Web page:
Hope for the milleniumEmphasising the need and the impact of community based water management, Anil Agarwal, director of CSE highlighted the impact of outstanding efforts of communities, who, in the face of extreme adversity, had brought about dramatic change in the ecology and economy. Not only did these efforts increase water availability, but also resulted in an increase in biomass availability, agricultural production and improved economy. These efforts also put a halt to distress rural- urban migration. He pointed out that drought and scarcity are not problems of availability but of management of the vital natural resource. According to him two historical discontinuities ought to be corrected : the replacement of the community’s role by government and the focus away from rainwater.

To present their first hand experience at community water management, were Hardevsinh B Jadeja, the sarpanch of Raj Samadhiyala village, Gujarat and Harnath Jagawat, director, of N M Sadguru Water and Development Foundation, a Dahod- based non government organisation.

Jadeja, recalled the conditions in the village 15 years ago, when Raj Samadhiyala village was declared a desert zone, where nobody wanted their daughters to wed men from this village. Today the situation has undergone a tremendous transformation, thanks to soil and water conservation. While parts of the state and surrounding villages are in the grip of drought, drinking water is not scarce in this village. There is water enough even for irrigation. This has been possible because the village community has been harnessing rainwater to meet their water needs. The villagers have built 52 check dams and planted trees. From 1,600 trees some years ago, the figures have now reached 15,000. Jadeja stated that his father’s annual income 15 years ago was Rs 1.5 lakhs from his fields 15 years ago. Presently Jadeja’s annual earning is Rs 10 lakhs.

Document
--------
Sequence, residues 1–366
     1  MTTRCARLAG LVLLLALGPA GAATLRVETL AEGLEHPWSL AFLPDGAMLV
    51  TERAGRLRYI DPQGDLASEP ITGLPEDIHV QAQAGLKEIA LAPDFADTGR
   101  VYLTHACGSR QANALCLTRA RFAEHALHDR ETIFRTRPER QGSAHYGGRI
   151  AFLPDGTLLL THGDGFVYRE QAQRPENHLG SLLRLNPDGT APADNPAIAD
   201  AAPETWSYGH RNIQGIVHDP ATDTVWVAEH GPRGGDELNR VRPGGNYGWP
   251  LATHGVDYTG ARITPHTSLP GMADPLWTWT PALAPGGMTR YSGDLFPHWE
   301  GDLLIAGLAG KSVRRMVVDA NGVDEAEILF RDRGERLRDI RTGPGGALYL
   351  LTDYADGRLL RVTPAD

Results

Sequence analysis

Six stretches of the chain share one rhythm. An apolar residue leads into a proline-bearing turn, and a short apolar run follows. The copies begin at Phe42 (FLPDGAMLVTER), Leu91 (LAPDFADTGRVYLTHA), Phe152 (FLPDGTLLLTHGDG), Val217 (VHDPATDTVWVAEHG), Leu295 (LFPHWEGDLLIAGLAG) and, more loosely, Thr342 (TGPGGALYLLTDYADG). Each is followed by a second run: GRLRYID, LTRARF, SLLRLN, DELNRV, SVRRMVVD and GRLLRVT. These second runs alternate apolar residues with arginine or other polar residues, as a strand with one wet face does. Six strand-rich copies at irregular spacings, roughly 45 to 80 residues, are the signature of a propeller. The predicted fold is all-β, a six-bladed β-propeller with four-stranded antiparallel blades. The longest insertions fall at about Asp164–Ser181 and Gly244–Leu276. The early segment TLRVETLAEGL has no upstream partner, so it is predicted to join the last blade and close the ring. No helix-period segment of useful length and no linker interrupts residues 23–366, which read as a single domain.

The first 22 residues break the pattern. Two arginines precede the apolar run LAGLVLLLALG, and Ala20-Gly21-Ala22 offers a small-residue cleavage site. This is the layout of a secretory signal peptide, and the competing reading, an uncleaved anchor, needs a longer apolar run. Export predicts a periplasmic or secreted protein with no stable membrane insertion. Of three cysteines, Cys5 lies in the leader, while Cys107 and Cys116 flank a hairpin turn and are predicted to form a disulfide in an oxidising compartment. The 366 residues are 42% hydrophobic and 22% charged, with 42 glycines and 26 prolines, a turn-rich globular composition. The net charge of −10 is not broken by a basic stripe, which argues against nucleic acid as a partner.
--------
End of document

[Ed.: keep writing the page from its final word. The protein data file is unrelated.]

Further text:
N M Sadguru Water and Development Foundation have undertaken a similar initiative across 350 villages on the borders of Gujarat, Madhya Pradesh and Rajasthan. 35 local rivers and rivulets are now perennial, not seasonal. According to Jagawat, in many places villagers have stepped in to take charge of planning as well as building their own masonry check dams.




President KR Narayanan has seen the efforts of Tarun Bharat Sangh in Alwar and is convinced

For further details please get in touch with us. If you would like to book a seat, let us know.

Contact person:
Indira Khurana/ Eklavya Prasad, Natural Resource Management Unit

Centre for Science and Environment
41, Tughlakabad Institutional Area, NeW Delhi 110062
Ph: 011 26083394, 2608 1124, 26081125

Fax: 011 26085879

The CSE invites you to see for yourself the dramatic impact of community -based rainwater harvesting. Through pani yatras. Both, in rural as well as urban areas.

Pani yatras are guided tours being organised by CSE as the central secretariat of the National Water Harvesting Network, to areas where communities have managed water. Successfully. And shared the fruits of their labour.

A pani yatra will allow you to interact with the institution that has brought about community action, and thecommunities themselves.It will give you a chance to see for yourself water harvesting structures that have changed the ecology and the economy of the region. And brought about change.

Planned pani yatras include Jodhpur, Udaipur, Chittorgarh, Alwar, Sukhomajri, Jhbaua, Ralegan Siddhi and Chennai.